May teach kids that it’s OK to ask for help, but it’s unlikely to be a repeat read.

GIRAFFE ASKS FOR HELP

Gary Giraffe learns to ask for help even when he feels the task is something he should be able to do alone.

Gary has finally attained the milestone of his 6th birthday. Now he’s old enough to eat the best acacia leaves up high—but his excitement is tempered by his repeated failures to reach them. Each try finds him falling over. Tye Tickbird, Gary’s best friend, finally flies down and reminds him, “When you can’t do something all by yourself, you ask a friend or family member to help.” Gary’s friends (a cheetah, an elephant, a lion, and Tye) tell him that no matter their age, everyone needs help with something, and there’s nothing wrong in asking for it. Their solution—one weighting down a branch, two others anchoring Gary’s legs—works, and Gary gets a bite of leaves. Gary’s expression often seems static, and while McDonnell’s cartoon illustrations reflect the tale, they don’t add much beyond it aside from a cringe-inducing image of two lionesses fawning on the lion. Chikowore’s tale is both pedantic and contrived; why would giraffes (even anthropomorphized ones) base their ability to eat high leaves on age rather than height? But nonetheless, the author’s lengthy backmatter note explains how important it is that children acquire the skill of asking for help and how parents can help accomplish this.

May teach kids that it’s OK to ask for help, but it’s unlikely to be a repeat read. (Picture book. 4-8)

Pub Date: March 1, 2019

ISBN: 978-1-4338-2946-8

Page Count: 32

Publisher: Magination/American Psychological Association

Review Posted Online: Jan. 28, 2019

Kirkus Reviews Issue: Feb. 15, 2019

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While this is a fairly bland treatment compared to Deborah Lee Rose and Carey Armstrong-Ellis’ The Twelve Days of...

ON THE FIRST DAY OF KINDERGARTEN

Rabe follows a young girl through her first 12 days of kindergarten in this book based on the familiar Christmas carol.

The typical firsts of school are here: riding the bus, making friends, sliding on the playground slide, counting, sorting shapes, laughing at lunch, painting, singing, reading, running, jumping rope, and going on a field trip. While the days are given ordinal numbers, the song skips the cardinal numbers in the verses, and the rhythm is sometimes off: “On the second day of kindergarten / I thought it was so cool / making lots of friends / and riding the bus to my school!” The narrator is a white brunette who wears either a tunic or a dress each day, making her pretty easy to differentiate from her classmates, a nice mix in terms of race; two students even sport glasses. The children in the ink, paint, and collage digital spreads show a variety of emotions, but most are happy to be at school, and the surroundings will be familiar to those who have made an orientation visit to their own schools.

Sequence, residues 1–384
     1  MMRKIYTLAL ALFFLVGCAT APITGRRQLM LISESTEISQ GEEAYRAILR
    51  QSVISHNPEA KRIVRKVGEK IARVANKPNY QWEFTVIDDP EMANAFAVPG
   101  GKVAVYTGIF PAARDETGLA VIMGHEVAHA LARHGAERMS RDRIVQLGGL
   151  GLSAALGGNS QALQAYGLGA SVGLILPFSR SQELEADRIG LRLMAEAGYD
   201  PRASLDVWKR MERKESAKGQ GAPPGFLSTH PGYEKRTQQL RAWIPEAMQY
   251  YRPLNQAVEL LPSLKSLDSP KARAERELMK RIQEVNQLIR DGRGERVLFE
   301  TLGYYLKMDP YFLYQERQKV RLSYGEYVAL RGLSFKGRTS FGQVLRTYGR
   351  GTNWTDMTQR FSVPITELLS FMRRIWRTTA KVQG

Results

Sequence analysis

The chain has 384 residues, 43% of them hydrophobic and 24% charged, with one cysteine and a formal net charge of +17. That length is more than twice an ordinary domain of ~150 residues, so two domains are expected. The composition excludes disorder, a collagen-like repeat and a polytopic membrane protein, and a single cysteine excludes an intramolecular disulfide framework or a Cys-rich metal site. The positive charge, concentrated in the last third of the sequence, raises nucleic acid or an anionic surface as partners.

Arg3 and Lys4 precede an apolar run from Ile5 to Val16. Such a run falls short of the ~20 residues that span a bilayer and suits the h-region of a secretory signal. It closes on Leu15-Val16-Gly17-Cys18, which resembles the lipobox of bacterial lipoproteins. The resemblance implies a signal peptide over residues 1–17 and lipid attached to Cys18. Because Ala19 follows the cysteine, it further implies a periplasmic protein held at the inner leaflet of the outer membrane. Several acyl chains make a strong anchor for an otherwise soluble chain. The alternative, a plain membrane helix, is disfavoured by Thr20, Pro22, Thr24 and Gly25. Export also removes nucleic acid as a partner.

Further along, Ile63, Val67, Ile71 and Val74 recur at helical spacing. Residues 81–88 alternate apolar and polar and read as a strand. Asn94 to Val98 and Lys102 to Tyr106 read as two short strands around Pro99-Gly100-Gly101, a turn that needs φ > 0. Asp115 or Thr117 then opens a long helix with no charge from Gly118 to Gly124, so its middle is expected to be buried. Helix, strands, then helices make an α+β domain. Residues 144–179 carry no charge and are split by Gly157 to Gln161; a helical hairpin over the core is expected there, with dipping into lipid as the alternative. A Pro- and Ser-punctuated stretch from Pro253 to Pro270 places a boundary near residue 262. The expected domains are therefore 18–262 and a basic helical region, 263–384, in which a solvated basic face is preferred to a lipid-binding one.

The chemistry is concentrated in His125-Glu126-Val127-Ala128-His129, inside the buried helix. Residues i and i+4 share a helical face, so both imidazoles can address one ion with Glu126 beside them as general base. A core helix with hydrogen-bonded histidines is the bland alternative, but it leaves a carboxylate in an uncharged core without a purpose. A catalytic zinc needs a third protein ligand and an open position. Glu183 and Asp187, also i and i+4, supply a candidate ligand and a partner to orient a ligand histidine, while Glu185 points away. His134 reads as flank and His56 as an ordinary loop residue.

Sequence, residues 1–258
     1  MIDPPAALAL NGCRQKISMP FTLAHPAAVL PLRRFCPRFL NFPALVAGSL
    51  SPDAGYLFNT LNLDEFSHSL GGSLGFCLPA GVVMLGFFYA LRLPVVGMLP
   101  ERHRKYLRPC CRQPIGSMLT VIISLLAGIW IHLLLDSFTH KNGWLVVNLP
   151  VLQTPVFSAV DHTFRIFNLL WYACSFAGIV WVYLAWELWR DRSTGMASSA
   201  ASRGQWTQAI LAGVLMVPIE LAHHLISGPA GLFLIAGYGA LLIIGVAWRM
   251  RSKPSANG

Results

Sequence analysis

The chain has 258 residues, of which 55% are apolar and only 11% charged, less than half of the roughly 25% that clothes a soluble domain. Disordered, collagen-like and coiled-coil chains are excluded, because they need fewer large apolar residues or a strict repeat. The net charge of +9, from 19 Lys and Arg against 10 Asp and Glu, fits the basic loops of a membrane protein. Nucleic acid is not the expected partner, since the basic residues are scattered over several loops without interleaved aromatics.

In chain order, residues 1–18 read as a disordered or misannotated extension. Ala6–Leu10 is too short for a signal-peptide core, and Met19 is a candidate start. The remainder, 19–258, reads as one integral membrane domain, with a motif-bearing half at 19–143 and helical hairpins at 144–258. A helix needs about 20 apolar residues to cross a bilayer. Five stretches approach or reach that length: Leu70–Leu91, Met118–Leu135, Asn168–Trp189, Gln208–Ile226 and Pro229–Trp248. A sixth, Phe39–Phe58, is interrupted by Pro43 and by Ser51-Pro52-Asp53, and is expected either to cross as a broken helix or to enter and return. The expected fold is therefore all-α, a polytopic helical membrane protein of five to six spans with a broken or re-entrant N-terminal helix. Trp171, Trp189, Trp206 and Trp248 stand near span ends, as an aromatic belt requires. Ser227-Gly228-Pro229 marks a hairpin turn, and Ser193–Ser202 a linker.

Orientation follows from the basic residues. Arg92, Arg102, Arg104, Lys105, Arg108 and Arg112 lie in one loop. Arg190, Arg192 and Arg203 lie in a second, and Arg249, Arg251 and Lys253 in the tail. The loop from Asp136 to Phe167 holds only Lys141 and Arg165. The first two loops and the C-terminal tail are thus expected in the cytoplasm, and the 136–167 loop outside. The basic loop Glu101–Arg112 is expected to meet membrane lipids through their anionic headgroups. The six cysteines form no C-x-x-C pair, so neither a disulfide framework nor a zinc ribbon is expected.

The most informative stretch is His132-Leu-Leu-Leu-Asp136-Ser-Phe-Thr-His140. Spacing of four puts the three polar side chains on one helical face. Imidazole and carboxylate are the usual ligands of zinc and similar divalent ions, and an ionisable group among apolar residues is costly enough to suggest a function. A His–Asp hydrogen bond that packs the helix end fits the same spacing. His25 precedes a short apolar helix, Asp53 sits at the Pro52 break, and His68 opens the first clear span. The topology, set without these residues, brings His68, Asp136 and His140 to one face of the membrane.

While this is a fairly bland treatment compared to Deborah Lee Rose and Carey Armstrong-Ellis’ The Twelve Days of Kindergarten (2003), it basically gets the job done. (Picture book. 4-7)

Pub Date: June 21, 2016

ISBN: 978-0-06-234834-0

Page Count: 32

Publisher: Harper/HarperCollins

Review Posted Online: May 4, 2016

Kirkus Reviews Issue: June 1, 2016

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A solid if message-driven conversation starter about the hard parts of learning.

THE MAGICAL YET

Children realize their dreams one step at a time in this story about growth mindset.

A child crashes and damages a new bicycle on a dark, rainy day. Attempting a wheelie, the novice cyclist falls onto the sidewalk, grimacing, and, having internalized this setback as failure, vows to never ride again but to “walk…forever.” Then the unnamed protagonist happens upon a glowing orb in the forest, a “thought rearranger-er”—a luminous pink fairy called the Magical Yet. This Yet reminds the child of past accomplishments and encourages perseverance. The second-person rhyming couplets remind readers that mistakes are part of learning and that with patience and effort, children can achieve. Readers see the protagonist learn to ride the bike before a flash-forward shows the child as a capable college graduate confidently designing a sleek new bike. This book shines with diversity: racial, ethnic, ability, and gender. The gender-indeterminate protagonist has light brown skin and exuberant curly locks; Amid the bustling secondary cast, one child uses a prosthesis, and another wears hijab. At no point in the text is the Yet defined as a metaphor for a growth mindset; adults reading with younger children will likely need to clarify this abstract lesson. The artwork is powerful and detailed—pay special attention to the endpapers that progress to show the Yet at work.

A solid if message-driven conversation starter about the hard parts of learning. (Picture book. 4-8)

Pub Date: April 14, 2020

ISBN: 978-1-368-02562-1

Page Count: 40

Publisher: Disney-Hyperion/LBYR

Review Posted Online: Dec. 8, 2019

Kirkus Reviews Issue: Jan. 1, 2020

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